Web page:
As hard as I tried to be on time, I walked into Laurent de Wilde's set about fifteen minutes late, just as he beginning "New Nuclear Killer" from his recent album, Over the Clouds. He wasted no time on this song demonstrating his killer swing feel, and his mastery of bebop/post-bop language out of the Cedar Walton and Wynton Kelly lineage. Bassist Jerome Regard was rhythmically locked to de Wilde's left hand in the unison passages, although his intonation over the larger intervals was sometimes inaccurate. "Over the Clouds" was a meditation on the primordial instruments that will remain even after a disaster (I'm not sure if de Wilde's poetic introduction was inspired by the explosion in Lac-Megantic) and a tribute to the balafon, which de Wilde evoked by sticking some material inside the piano. A night after Lionel Loueke's seamless synthesis of African traditions and jazz, I was hoping for something less surface and more grounded given de Wilde's description of the piece. Drummer Laurent Robin often sounded stiff and stilted, especially on this tune and the trio's cover of Fela Kuti's "Fefe naa efe." It's clear de Wilde has a profound respect for Fela, and throughout the set he proved to have a deep understanding of Black American music, but Robin's one-bar loop felt less like Tony Allen's hypnotic repetition and more like a pre-programmed beat. I look forward to hearing more from de Wilde, next time with a rhythm section that will poke and prod him more actively.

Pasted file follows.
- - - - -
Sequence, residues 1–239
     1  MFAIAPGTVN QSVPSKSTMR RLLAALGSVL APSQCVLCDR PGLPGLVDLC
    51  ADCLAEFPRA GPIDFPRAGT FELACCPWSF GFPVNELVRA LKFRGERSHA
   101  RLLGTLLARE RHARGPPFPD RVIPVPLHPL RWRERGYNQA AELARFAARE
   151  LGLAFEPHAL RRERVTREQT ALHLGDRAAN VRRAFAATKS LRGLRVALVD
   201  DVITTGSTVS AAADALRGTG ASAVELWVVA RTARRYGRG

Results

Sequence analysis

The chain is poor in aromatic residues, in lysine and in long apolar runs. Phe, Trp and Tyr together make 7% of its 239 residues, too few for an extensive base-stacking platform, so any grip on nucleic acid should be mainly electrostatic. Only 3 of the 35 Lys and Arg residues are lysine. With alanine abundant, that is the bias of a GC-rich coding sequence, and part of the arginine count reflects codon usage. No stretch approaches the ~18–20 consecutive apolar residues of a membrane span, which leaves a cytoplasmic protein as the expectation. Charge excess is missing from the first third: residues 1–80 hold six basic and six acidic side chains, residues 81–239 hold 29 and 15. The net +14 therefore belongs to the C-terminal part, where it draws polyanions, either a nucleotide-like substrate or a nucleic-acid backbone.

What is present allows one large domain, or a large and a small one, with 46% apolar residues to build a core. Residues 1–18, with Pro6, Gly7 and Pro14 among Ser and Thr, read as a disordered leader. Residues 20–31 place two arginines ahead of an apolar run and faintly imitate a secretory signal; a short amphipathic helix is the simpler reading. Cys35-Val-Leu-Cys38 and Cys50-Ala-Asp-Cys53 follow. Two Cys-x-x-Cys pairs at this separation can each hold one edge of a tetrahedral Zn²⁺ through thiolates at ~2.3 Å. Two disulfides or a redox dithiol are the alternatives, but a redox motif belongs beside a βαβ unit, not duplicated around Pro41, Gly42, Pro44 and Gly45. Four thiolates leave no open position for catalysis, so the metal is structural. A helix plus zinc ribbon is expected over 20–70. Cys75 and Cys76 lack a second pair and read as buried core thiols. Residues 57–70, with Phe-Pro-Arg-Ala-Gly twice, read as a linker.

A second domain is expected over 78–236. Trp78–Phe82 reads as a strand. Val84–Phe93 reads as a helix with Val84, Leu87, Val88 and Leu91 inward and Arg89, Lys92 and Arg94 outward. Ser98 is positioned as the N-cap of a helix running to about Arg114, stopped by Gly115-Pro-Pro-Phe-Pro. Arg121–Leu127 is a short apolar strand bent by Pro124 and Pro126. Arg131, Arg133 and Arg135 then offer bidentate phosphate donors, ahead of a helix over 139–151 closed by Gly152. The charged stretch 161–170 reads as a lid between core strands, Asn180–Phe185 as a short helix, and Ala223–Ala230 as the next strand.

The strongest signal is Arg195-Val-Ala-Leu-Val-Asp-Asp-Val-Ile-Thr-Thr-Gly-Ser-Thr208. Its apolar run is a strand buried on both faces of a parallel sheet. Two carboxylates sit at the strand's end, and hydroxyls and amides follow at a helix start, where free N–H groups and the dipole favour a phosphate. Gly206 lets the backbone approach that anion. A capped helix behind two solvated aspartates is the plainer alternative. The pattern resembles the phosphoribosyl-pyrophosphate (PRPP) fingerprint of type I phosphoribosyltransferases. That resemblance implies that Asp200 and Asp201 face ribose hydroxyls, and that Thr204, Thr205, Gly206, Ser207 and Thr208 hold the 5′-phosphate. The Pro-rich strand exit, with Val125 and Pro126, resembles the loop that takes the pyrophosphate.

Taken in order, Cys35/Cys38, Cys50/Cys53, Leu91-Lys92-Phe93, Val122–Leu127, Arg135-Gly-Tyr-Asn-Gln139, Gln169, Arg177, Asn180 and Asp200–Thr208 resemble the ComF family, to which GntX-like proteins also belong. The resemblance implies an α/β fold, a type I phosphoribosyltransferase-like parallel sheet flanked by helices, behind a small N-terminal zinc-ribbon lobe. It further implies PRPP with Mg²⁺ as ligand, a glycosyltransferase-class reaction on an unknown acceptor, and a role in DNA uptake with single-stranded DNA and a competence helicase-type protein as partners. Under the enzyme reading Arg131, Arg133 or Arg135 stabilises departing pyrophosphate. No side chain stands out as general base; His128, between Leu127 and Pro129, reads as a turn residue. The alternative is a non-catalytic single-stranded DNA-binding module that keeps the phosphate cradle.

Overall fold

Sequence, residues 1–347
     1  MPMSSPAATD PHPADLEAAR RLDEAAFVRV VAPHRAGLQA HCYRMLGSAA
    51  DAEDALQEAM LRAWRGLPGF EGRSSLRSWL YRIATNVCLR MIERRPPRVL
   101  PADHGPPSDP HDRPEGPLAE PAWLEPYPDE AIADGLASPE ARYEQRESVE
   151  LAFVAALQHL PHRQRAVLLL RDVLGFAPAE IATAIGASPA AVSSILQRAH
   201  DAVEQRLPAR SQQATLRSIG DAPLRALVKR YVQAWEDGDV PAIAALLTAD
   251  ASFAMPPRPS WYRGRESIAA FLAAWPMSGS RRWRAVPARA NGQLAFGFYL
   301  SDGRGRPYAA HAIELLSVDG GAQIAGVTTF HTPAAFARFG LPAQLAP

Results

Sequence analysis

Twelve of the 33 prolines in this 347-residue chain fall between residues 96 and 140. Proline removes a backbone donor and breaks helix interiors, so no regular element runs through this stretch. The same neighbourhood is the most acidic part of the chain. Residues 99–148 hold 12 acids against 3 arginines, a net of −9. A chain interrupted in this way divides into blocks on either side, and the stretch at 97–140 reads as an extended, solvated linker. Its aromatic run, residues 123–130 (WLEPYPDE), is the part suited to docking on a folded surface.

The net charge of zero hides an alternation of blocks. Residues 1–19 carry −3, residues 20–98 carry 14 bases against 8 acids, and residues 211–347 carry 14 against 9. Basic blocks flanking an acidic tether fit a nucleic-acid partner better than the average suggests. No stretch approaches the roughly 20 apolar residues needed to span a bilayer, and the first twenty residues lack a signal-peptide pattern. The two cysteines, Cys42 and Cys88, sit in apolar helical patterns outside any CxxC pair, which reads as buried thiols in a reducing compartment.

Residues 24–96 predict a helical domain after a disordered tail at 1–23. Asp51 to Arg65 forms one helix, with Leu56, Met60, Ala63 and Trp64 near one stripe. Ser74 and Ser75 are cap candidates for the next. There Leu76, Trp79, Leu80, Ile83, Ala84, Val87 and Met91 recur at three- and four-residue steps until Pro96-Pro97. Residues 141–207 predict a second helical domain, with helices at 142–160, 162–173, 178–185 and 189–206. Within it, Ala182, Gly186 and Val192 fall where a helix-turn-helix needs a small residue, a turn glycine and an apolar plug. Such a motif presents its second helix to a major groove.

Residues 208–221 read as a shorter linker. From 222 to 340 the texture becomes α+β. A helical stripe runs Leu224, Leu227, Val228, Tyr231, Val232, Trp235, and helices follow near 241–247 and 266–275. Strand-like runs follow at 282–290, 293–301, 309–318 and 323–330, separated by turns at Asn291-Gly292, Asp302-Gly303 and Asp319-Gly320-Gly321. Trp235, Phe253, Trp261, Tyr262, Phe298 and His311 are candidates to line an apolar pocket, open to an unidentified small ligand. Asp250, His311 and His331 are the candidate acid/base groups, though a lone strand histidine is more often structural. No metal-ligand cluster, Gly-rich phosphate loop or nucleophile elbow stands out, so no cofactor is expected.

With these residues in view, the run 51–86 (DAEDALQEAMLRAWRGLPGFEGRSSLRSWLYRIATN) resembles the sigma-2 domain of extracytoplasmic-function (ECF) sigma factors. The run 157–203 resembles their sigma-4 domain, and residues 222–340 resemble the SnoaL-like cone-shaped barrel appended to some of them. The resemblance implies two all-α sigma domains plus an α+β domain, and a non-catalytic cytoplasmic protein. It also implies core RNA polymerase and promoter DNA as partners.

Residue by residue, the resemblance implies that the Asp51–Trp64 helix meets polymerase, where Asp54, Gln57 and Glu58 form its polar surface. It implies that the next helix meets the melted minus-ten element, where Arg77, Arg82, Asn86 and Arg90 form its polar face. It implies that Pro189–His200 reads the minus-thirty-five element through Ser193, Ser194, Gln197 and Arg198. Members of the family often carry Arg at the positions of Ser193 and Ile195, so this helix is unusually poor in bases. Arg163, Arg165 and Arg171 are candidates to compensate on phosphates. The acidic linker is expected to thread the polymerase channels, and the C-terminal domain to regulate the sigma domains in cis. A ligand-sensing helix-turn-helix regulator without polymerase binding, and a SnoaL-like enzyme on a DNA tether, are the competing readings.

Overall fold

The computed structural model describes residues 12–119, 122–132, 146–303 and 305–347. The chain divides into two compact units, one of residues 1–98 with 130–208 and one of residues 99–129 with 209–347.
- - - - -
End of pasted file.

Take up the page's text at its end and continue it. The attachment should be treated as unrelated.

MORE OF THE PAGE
A more discursive rhythm section, helmed by drummer/composer Antonio Sanchez, was found at Gesu. Surrounded by pianist John Escreet, bassist Matt Brewer, and David Binney on alto, Sanchez's repertoire was formed exclusively from tunes off his album New Life. With the opening "Uprisings and Revolutions" (which also begins the disc), Sanchez was appropriately Elvin-esque, with a rolling triplet feel and a highly melodic drum solo. Sanchez's tunes leave a lot of room for soloing, even in their multi-sectionality. His melodies are relatively straightforward and memorable. When vocalist Thana Alexa joined on "New Life," the fingerprint of Pat Metheny was more evident, especially Metheny's more Brazilian-inspired moments. Sanchez has found ways to up-end the head-solo-head format without necessarily having a through-composed form. Each member of the quartet was given a true solo cadenza, all exhibiting their own improvisational personalities and a close relationship to Sanchez's music. It's always fascinating to hear Binney as a sideman - as a highly distinctive composer, he often gets called by other leaders who are equally indebted to his music. Sanchez cited him as another major influence, and Binney's architectural marvel of an introduction to "The Real McDaddy" was a highlight of the set. Even though, on the penultimate day of the festival, ear fatigue is starting to set in, Sanchez and Migration were clearly a jewel of this year's programming.